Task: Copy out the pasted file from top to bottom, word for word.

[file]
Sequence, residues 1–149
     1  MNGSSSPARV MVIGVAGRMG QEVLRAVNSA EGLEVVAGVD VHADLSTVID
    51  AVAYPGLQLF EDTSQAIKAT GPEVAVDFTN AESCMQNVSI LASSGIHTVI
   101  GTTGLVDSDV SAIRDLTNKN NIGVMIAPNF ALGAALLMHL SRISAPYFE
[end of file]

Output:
Sequence, residues 1–149
     1  MNGSSSPARV MVIGVAGRMG QEVLRAVNSA EGLEVVAGVD VHADLSTVID
    51  AVAYPGLQLF EDTSQAIKAT GPEVAVDFTN AESCMQNVSI LASSGIHTVI
   101  GTTGLVDSDV SAIRDLTNKN NIGVMIAPNF ALGAALLMHL SRISAPYFE